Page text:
Why I prefer Indian sweets.
Most foods contain a combination of fats, protein and carbohydrates.
One of my favourite combinations of these three macronutrients happens to be Indian sweets or mithai.
The "bliss point" is the exact combination of sugar, fat and salt that influences our tastebuds to make us "hooked."
But Indian sweets have been around longer than this concept in modern food manufacturing.
And since these sweets make up a small proportion of my diet, I enjoy them as a healthier alternative to mass-produced sweets (Yes, I am justifying my addiction!).
What Makes Indian Sweets better?
Ah okay...this one might not be healthier...
An enormous array of Indian sweets are available. There are countless regional favourites and many recipe alternatives.
My favourite usually contains fat such as ghee, a sweetener like sugar or jaggery and nuts, milk products, pulses etc.
There may be mass-produced versions these days that contain preservatives and that do not contain the original ingredients.
If you make these sweets at home, however, they are a healthier treat than most options in my books.
After two decades of trying every possible sweet imaginable, here are my favourites!
Kaju Katli or Barfi
Kaju (cashew) is, without doubt, healthy and nutritious and tastes incredible when transformed into a sweet.
I made this at home once by lightly oven roasting some cashews, grinding the nuts, and then adding ghee and sugar.
Kaju Katli is one of the most addictive substances for this nut lover!
(I also love badam or almond Katli too!).
This delicacy contains milk products and is so delicious that I must be very disciplined when it's near me!
Like a sweet milk pudding, it contains milk, ghee, paneer (similar to cottage cheese), cardamom powder and a few almonds or pistachios for decoration.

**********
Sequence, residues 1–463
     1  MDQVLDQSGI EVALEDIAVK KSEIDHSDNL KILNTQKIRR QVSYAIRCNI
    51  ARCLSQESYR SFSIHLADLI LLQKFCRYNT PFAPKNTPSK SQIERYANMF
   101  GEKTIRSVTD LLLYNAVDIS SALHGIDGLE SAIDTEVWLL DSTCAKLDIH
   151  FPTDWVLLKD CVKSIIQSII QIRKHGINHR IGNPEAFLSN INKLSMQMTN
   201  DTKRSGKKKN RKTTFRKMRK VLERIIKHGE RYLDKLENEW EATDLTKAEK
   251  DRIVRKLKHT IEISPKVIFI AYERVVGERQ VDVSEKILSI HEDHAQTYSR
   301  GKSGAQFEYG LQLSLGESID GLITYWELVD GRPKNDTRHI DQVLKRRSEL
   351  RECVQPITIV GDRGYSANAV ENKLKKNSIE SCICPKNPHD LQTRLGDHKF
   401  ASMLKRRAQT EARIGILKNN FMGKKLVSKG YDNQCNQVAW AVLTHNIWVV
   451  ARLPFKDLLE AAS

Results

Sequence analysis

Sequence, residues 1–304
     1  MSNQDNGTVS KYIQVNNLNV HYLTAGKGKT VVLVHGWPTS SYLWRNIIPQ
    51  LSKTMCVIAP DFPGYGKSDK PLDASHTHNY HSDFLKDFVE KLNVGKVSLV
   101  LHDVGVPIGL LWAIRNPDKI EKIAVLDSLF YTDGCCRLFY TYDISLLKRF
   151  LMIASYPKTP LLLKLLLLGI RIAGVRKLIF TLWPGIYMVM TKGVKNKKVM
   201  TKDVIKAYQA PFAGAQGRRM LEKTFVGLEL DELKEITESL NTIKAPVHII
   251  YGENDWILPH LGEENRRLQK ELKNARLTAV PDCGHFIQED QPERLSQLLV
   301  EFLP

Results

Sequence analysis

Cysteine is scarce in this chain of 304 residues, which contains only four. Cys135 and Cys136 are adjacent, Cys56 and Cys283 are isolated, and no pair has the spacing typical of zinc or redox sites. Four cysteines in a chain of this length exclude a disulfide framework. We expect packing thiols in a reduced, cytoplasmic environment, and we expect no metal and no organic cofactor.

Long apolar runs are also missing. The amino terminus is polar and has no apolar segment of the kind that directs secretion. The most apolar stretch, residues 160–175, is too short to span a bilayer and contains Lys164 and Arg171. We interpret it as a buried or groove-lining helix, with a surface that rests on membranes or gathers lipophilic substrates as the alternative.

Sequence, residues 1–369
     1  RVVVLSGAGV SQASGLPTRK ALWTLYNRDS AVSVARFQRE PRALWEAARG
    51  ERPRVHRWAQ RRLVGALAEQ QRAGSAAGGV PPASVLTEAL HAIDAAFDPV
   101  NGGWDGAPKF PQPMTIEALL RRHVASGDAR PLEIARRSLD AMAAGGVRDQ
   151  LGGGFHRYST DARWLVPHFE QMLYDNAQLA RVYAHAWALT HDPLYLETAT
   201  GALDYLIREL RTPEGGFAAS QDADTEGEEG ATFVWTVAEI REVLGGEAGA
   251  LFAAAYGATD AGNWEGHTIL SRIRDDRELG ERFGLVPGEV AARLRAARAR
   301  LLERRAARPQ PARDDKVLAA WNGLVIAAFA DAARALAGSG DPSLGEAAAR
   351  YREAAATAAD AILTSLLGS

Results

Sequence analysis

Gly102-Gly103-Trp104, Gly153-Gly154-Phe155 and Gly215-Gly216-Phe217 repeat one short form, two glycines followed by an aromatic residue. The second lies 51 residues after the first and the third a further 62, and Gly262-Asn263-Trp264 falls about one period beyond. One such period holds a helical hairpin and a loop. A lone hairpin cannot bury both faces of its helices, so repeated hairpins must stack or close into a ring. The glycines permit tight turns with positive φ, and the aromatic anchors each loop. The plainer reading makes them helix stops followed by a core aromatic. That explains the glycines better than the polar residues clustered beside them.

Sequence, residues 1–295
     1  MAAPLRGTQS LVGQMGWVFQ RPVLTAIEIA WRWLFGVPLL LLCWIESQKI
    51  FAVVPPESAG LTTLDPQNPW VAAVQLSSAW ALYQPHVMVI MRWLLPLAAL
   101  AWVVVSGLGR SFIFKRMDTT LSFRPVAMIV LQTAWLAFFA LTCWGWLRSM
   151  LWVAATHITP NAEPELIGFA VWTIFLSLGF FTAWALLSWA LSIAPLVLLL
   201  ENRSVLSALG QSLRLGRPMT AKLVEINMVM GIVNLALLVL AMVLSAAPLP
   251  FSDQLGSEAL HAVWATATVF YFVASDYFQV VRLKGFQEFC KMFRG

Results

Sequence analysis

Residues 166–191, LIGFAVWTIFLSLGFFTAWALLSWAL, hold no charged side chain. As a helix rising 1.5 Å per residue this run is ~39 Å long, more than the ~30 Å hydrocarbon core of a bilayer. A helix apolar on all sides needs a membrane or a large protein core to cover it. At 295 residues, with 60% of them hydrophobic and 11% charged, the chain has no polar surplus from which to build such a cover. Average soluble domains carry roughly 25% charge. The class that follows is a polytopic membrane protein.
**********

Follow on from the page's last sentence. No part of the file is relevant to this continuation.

Never leave me alone with this!
Luckily India is one of the world's largest coconut producers - so my supply of this favourite is guaranteed for some time.
(India is also the world's largest producer of milk).
As is commonly found in homes and food businesses, there are variations to this recipe.
The taste is basically similar to kalakand, just with added coconut.
If anyone is familiar with Bounty bars, it's similar to the filling inside.
Coconut Barfi is delicious and a fantastic way to enjoy coconut.
I am not a fan of kesar (saffron). I generally do not enjoy the taste.
However, when it is utilised in a sweet recipe, I seem to be able to eat it (a lot of it!).
I got hooked in Mumbai on this 'dangerous' sweet.
I could go on, but the point is that using healthy nuts, coconut, and pulses along with ghee makes the base product healthy.
The sugar or jaggery use is questionable in a health sense. I guess you can use an artificial sweetener instead.
But if you do not eat a lot of them, Indian sweets are a far superior choice of sweets in comparison to a chocolate bar any day!
What's your favourite Indian sweet?